Vicente Gallo

Vicente Gallo (October 3, 1873 – June 3, 1942) was an Argentine lawyer, academic and politician of the Radical Civic Union.


Born in San Miguel de Tucumán, Gallo joined the Radical Civic Union (UCR) from its inception, forming part of a group of young people who worked with Hipólito Yrigoyen in the mid-1890s to secure universal male suffrage. Following the passage of the Sáenz Peña Law to that effect, he was elected to Congress in 1912 on the UCR ticket, and to the Senate (1919-1923), always representing the city of Buenos Aires.

In 1920, Gallo was one of the founding members of the Argentine Patriotic League, a right-wing paramilitary organization.[1] President Marcelo Torcuato de Alvear named Gallo Minister of Internal Affairs in 1923, and in 1924, he was part of a group of UCR members who broke with their longtime leader, the populist Yrigoyen, and formed the splinter Antipersonalist UCR. He resigned in 1926 when Alvear declined to support his proposal for a federal intervention in Buenos Aires Province, where a moderate UCR figure, Valentín Vergara, had been elected governor.[2]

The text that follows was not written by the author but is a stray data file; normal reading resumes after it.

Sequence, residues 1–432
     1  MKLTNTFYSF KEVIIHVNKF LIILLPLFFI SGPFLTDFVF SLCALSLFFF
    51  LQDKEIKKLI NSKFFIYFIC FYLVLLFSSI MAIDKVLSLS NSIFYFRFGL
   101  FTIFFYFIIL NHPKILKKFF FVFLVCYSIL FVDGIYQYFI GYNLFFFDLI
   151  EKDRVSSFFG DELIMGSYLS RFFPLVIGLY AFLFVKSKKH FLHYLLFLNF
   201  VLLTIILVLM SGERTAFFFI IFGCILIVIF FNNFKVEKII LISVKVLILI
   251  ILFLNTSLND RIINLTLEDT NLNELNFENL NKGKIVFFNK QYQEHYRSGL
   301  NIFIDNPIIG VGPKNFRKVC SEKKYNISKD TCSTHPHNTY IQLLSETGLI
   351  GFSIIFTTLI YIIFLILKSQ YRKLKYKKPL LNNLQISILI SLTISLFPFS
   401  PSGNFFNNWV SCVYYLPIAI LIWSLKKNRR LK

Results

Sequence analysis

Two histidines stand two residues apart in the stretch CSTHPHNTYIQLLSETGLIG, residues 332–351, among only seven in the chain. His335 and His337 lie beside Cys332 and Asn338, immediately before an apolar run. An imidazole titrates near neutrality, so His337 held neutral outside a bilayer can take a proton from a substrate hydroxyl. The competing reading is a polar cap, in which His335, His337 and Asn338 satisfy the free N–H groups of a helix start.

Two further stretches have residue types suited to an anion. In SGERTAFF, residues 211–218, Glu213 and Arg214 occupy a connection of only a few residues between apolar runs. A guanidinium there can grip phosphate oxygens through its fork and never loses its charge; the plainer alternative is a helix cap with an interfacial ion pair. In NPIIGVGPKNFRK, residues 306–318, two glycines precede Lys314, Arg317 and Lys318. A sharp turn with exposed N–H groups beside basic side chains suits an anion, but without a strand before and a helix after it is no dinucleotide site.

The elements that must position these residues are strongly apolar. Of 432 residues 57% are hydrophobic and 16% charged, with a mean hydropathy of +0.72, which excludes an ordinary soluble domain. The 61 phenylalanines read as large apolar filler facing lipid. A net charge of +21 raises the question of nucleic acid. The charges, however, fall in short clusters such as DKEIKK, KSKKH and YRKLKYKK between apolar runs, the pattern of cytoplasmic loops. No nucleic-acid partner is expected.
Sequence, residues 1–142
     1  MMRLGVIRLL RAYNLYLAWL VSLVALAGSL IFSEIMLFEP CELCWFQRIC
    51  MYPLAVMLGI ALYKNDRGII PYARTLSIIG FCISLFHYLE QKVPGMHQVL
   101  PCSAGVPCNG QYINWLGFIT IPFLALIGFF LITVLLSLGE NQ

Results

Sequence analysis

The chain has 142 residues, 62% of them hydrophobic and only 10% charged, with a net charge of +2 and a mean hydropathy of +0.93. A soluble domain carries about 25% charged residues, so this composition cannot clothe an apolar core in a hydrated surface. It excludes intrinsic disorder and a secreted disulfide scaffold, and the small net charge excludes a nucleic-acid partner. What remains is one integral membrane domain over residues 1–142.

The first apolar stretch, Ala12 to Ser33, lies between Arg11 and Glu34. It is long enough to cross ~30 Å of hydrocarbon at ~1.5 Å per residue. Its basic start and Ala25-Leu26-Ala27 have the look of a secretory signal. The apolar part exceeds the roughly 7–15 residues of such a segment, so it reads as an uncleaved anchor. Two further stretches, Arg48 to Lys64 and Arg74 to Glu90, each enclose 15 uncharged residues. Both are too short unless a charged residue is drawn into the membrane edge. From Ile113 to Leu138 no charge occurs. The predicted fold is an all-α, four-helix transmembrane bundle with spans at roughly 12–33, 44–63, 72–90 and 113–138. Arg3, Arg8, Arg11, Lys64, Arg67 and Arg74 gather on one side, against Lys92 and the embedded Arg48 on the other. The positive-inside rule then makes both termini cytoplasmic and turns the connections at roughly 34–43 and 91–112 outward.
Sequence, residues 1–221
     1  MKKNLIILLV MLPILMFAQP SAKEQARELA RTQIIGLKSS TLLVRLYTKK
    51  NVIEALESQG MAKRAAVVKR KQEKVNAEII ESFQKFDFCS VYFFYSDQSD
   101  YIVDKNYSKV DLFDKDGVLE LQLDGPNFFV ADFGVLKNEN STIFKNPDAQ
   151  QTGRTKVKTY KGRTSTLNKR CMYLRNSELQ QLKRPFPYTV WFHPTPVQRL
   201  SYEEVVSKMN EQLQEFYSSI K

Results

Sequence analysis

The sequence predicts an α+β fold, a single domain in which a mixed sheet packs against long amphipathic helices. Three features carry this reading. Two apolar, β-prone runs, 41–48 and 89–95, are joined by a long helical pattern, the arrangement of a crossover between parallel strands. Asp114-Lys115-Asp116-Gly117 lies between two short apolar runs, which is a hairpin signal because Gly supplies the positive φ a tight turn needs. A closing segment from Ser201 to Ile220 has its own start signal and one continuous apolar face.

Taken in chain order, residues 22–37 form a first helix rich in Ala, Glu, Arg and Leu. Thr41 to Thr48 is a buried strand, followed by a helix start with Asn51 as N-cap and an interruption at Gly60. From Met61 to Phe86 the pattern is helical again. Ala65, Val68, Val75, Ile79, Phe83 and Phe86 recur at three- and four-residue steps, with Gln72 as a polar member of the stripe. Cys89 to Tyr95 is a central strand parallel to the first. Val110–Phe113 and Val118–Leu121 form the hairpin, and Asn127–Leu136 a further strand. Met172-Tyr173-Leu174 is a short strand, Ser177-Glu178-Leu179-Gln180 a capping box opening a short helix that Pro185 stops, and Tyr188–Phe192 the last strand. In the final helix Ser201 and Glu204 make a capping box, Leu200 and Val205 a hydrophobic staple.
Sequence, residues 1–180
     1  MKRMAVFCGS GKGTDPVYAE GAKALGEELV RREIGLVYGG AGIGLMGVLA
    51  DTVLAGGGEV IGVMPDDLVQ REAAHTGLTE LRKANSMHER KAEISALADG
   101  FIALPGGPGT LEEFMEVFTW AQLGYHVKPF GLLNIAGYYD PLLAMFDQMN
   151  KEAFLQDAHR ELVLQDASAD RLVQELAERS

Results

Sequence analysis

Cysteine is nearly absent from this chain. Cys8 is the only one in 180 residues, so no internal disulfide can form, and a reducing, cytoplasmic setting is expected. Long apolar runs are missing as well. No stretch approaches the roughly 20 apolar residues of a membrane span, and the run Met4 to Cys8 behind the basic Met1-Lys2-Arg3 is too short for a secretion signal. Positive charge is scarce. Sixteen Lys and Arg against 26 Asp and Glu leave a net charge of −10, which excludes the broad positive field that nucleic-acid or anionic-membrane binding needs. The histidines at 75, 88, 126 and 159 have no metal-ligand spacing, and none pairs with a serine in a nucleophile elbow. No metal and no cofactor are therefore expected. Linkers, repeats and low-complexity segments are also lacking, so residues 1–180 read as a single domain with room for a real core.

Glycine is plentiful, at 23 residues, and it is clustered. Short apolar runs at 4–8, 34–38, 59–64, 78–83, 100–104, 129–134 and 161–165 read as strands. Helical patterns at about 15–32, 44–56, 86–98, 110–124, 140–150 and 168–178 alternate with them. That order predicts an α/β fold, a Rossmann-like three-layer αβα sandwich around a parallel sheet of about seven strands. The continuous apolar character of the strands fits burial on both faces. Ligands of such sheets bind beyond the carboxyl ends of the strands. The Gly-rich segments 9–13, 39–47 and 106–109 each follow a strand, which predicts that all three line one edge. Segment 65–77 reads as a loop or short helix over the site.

Supported by conservatives since his attempted removal of Governor Vergara, he was the Anti-Personalist UCR candidate for Vice-President, as running mate to Leopoldo Melo, in the 1928 elections. Yrigoyen defeated their ticket in a landslide, however.

Between 1934 and 1941 Gallo was Dean of the University of Buenos Aires, where he was a professor in Administrative Law. He was married to Celia Gallo, the daughter of his uncle, politician Delfín Gallo.


  1. ^ "Una propuesta nacionalista frente a la conflictividad social de la década de 1920: la Liga Patriótica Argentina, por Mirta Moscatelli" (PDF). Archived from the original (PDF) on 2007-09-28. Retrieved 2006-05-20.
  2. ^ Walter, Richard. The Province of Buenos Aires and Argentine Politics. 1912-1943. Cambridge University Press, 1985.
  • Luna, Felix (2004). El antipersonalismo (in Spanish) (Anales 2004 ed.). Buenos Aires, Argentina: Academia Nacional de Ciencias Morales y políticas. [1].
  • Luna, Felix (1964). Yrigoyen (in Spanish) (Anales 2004 ed.). Buenos Aires, Argentina: Desarrollo.